IoT Forecasts are Wrong, History Suggests
All present “Internet of Things” forecasts are likely to be wrong, and wrong on the high side, especially in the early years. That simply is the pattern when new technologies and markets emerge.
Almost always, when new technology is adopted, expectations are too high for the early deployments, but often too low in the later years.
There is a chance the forecasts will be correct in terms of magnitude, but wrong in terms of timing.
A complicating matter is that different definitions are used, either inflating or deflating the estimates. Some of the confusion is understandable. The broad notion of devices connected to the Internet makes sense.
But some major categories of devices fitting that definition by excluded, to avoid confusion. Internet-connected phones, PCs and tablets are generally excluded. Mostly everything else is included.
Even so, the number of product categories and functions is diverse enough to confuse most of us, most of the time, about where the growth exists.
Eventually, we will reach some common understanding. But possibly not soon.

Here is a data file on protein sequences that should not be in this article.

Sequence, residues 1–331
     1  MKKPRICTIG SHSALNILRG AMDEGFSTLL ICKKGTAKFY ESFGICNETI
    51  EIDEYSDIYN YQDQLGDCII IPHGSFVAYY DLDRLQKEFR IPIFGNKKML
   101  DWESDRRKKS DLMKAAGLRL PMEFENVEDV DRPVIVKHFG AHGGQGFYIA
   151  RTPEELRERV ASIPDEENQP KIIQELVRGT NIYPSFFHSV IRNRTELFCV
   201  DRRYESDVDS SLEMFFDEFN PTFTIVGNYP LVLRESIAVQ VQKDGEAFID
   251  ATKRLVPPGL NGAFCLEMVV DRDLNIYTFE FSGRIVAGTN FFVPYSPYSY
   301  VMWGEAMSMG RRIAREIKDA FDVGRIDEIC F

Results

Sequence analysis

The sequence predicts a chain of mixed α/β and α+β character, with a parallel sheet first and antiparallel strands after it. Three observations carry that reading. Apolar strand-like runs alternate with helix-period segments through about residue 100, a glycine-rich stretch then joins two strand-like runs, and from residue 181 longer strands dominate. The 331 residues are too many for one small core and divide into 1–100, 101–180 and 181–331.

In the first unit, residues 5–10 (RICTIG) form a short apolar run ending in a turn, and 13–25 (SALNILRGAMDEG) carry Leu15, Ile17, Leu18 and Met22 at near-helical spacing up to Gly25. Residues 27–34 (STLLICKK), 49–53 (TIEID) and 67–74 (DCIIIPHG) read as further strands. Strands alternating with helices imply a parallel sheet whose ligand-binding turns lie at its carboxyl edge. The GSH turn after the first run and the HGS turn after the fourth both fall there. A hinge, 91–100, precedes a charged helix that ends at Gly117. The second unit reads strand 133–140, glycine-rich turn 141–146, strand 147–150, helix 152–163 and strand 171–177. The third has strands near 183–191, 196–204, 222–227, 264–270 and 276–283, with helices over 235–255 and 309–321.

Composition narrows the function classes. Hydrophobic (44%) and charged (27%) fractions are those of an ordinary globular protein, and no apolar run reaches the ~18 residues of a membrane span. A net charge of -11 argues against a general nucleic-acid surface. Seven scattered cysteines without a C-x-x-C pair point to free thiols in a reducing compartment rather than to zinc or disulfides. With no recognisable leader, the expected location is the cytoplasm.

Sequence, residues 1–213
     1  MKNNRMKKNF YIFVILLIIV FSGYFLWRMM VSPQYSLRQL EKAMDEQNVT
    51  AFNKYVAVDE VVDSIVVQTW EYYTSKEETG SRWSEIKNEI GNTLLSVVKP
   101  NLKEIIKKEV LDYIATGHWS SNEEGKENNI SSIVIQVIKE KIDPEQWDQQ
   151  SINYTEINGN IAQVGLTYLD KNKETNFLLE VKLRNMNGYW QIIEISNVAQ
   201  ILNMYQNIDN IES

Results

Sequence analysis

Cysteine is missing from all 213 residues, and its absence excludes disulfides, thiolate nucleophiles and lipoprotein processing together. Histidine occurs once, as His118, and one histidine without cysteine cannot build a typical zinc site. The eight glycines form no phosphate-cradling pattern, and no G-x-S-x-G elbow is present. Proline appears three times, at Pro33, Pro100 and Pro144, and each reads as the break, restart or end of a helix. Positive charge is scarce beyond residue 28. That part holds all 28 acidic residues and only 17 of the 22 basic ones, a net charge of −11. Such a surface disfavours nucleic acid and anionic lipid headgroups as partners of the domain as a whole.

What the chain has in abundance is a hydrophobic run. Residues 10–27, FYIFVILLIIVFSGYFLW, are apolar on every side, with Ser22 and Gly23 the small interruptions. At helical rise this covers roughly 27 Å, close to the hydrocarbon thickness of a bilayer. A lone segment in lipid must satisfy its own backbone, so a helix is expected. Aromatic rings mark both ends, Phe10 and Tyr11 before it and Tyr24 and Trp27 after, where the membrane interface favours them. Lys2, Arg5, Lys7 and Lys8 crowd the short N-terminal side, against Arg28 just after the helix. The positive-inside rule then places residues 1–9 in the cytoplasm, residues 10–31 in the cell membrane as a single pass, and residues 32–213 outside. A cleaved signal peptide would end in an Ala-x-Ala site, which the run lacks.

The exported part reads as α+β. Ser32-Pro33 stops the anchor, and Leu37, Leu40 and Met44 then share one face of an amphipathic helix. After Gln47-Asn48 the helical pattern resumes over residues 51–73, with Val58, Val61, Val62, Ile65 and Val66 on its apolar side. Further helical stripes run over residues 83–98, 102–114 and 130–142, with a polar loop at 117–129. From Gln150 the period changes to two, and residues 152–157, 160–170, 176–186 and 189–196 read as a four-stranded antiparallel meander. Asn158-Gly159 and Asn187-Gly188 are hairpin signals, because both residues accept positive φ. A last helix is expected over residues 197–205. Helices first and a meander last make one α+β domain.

Present estimates of IoT deployment vary widely, in part because definitions vary.
There might be 35 billion to 50 billion IoT devices in use by 2020. But the higher estimate often includes smartphones, tablets and personal computers (devices that many do not consider IoT devices).
If that is the case, even the more-conservative forecasts--all other trends developing as forecast--are too high, because they include many billions of "non-IoT" devices. And even if the forecasts prove correct in terms of magnitude, they are likely to prove wrong in terms of timing.
The market will take far longer to develop, than many seem to anticipate.
Precisely which segments will develop first, and substantially, is a big unknown. Some seem to believe consumer wearables or connected home appliances will lead; others think business devices will drive most of the adoption. Yet others think "government-mandated" apps, devices and connections will lead.
By some estimates, the industrial IoT might already have largely arrived. The bad news for industrial IoT proponents is that, if that is correct, industrial IoT growth will not be so robust as many expect, and most of the deployments will happen in the consumer appliances area. That largely is driven by home automation or home security apps.
Others think the volume of deployments will be by businesses and governments (“smart city” apps, broadly defined).